Big gains for opposition in Kuwait parliament polls

Published December 7, 2020
Kuwaiti men open ballots to start the counting at a polling station during parliamentary elections in Kuwait City, Kuwait on Dec 5. — Reuters
Kuwaiti men open ballots to start the counting at a polling station during parliamentary elections in Kuwait City, Kuwait on Dec 5. — Reuters

KUWAIT CITY: Kuwait’s opposition took nearly half of parliament’s seats in weekend polls amid calls for reforms over corruption and high debt, but the sole woman lawmaker lost her seat.

Twenty-four of the National Assembly’s 50 seats were won by candidates belonging to or leaning towards the opposition, up from 16 in the last parliament, according to results announced on Sunday.

But while 29 women ran for office in Saturday’s race, none were elected — a blow to the status of women who have fought hard over recent years for more representation in the oil-rich emirate, after winning the right to vote just 15 years ago.

Nevertheless, the election of 30 candidates under the age of 45 sent out a promising signal to youth hoping for change and reform.

The election, which takes place every four years, was overshadowed by Covid-19 and a consequent paring back of campaigns that in normal times draw thousands for lavish banquets and over-the-top events.

Five polling stations — one in each electoral district — were specially fitted out to allow citizens infected with coronavirus to cast their votes.

The polls were the first since the new emir, Sheikh Nawaf al-Ahmad Al-Sabah, took office in September following the death of his half-brother, Sheikh Sabah al-Ahmad Al-Sabah, at the age of 91.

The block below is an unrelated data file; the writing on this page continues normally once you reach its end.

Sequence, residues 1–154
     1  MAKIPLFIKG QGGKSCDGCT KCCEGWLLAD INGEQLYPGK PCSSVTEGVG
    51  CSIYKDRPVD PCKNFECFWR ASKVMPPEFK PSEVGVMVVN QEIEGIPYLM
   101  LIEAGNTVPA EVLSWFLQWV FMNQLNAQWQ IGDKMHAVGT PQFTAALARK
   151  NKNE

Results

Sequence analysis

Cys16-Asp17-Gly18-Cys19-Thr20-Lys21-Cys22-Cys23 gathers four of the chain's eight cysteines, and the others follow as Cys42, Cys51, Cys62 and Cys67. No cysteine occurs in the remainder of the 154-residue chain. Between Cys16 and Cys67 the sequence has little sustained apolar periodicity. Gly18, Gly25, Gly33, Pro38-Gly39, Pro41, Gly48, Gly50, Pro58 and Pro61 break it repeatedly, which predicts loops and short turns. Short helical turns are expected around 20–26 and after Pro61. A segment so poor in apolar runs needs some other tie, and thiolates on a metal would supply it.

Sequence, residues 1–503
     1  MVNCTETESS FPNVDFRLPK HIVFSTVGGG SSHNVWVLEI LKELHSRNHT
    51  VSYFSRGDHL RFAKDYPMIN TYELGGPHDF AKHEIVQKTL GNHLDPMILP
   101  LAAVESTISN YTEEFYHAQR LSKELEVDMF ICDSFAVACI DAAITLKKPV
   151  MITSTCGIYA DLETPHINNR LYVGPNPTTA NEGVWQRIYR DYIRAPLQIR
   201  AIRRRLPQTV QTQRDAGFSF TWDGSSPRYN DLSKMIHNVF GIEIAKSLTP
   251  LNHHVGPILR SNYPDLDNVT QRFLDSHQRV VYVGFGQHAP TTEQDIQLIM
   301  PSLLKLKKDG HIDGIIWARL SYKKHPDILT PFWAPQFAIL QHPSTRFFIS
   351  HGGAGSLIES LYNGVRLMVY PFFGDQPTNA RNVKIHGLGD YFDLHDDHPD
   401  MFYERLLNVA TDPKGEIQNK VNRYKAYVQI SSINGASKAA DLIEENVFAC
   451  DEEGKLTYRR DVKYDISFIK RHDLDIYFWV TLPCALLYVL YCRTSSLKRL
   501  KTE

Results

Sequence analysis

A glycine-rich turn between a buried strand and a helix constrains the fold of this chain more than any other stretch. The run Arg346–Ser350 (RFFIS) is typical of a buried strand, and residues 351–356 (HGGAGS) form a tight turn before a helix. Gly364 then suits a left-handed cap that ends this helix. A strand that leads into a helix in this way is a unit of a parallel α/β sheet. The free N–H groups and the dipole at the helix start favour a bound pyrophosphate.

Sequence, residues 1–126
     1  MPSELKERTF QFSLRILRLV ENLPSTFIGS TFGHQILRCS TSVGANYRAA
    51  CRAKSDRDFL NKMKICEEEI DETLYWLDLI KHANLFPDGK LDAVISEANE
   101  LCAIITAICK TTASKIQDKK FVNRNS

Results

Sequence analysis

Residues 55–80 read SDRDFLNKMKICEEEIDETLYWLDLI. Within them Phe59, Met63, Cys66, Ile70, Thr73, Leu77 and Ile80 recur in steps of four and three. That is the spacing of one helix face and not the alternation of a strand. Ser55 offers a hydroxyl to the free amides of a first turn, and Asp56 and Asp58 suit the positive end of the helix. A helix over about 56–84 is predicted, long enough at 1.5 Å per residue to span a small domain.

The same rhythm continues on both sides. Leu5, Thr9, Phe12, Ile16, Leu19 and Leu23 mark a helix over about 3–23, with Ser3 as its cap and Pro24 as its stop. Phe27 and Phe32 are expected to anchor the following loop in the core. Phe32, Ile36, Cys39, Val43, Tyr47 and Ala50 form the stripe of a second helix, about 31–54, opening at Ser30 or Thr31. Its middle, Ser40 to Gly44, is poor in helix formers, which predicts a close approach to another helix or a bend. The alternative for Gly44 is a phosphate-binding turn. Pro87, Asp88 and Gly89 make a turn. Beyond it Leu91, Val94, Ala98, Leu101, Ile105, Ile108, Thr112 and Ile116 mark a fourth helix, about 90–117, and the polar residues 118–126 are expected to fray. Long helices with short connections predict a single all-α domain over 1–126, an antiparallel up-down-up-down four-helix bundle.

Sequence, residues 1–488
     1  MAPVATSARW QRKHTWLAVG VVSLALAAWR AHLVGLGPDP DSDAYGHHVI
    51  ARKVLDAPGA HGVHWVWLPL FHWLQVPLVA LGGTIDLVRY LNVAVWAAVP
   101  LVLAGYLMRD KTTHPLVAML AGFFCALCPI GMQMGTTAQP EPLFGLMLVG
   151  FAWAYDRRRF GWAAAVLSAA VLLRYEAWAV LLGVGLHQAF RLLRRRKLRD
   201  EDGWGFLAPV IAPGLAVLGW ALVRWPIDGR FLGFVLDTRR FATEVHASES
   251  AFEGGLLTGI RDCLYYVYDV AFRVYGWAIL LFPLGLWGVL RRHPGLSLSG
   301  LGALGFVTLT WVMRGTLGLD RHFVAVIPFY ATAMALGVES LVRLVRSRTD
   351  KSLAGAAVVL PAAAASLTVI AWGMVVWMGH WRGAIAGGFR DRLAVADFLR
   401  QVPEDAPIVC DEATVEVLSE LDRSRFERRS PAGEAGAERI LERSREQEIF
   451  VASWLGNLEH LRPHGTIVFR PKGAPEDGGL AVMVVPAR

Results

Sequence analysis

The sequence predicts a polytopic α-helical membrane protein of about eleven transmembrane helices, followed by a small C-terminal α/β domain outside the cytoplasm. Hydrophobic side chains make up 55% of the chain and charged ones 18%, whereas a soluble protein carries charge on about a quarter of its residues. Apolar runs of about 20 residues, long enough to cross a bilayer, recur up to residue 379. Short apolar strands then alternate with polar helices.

The country has the Gulf’s oldest elected parliament, but under the constitution the emir has extensive powers and can dissolve the legislature at the recommendation of the government.

Thirty-one new faces would enter the new parliament, results showed.

The Muslim Brotherhood-linked Islamic Constitutional Movement (ICM) won three seats, while candidates from Shia community won six.

“There is a big change in the composition of the new National Assembly,” Kuwait analyst Ayed al-Manaa said. “This is an indication of the voters’ anger over the performance of the previous parliament and of their desire for change in economic, health, education” and services, he said.

Published in Dawn, December 7th, 2020

Opinion

Editorial

Beyond the pale
Updated 09 Aug, 2022

Beyond the pale

When such ugliness is unleashed, everyone at some point suffers the fallout.
Burying Gaza
Updated 10 Aug, 2022

Burying Gaza

One fails to understand how the senseless killing of a child can be brushed so coldly under the carpet.
Celebrate the athlete
09 Aug, 2022

Celebrate the athlete

TALK about delivering on your promise: javelin thrower Arshad Nadeem did that in the grandest style at the...
An unseemly dispute
08 Aug, 2022

An unseemly dispute

THERE is clarity, but perhaps not of the kind that Chief Justice of Pakistan Umar Ata Bandial hoped to achieve when...
Unfair on taxpayers
Updated 08 Aug, 2022

Unfair on taxpayers

Unfair move has drawn valid criticism as it coincides with drastic increase in income tax on salaried people and corporates.
Polio nightmare
08 Aug, 2022

Polio nightmare

AS if the resurgence of polio in southern KP were not enough, officials and international monitoring bodies must now...